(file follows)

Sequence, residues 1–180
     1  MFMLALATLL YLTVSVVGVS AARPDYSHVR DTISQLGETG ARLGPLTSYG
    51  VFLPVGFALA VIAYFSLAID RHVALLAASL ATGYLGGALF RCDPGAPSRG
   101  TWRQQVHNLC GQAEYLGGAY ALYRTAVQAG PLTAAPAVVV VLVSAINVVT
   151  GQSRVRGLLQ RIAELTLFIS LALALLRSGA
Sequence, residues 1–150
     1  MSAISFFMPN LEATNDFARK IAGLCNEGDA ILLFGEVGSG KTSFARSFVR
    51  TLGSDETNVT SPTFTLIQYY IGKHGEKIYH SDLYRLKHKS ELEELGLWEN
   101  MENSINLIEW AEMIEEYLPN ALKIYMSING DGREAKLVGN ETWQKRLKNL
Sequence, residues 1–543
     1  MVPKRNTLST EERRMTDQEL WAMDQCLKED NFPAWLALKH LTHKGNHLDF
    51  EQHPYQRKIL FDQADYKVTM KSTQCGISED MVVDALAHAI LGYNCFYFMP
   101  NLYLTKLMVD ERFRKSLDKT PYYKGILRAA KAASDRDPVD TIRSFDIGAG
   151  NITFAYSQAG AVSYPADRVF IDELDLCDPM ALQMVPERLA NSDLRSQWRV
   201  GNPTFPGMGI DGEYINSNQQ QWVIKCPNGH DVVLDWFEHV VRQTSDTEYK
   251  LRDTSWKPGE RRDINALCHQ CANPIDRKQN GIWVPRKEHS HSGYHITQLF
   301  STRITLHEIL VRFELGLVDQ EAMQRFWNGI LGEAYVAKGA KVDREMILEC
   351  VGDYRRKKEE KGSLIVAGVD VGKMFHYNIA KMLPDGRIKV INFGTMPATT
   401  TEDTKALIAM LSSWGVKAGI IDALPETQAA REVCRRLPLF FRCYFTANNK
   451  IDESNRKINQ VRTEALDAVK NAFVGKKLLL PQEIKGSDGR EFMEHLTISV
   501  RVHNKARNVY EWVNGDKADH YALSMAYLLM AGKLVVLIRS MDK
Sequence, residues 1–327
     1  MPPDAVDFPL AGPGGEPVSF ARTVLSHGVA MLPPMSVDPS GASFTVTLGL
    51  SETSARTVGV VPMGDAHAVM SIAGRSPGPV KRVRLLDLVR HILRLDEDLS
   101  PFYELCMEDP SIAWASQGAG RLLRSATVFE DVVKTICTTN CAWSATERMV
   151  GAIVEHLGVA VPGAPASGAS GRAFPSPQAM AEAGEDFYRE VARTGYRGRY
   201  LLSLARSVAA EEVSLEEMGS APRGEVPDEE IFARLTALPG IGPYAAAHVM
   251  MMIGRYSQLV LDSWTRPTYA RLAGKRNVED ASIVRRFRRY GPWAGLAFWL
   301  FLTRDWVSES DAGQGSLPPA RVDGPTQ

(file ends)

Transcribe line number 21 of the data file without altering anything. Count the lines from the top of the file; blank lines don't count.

   501  RVHNKARNVY EWVNGDKADH YALSMAYLLM AGKLVVLIRS MDK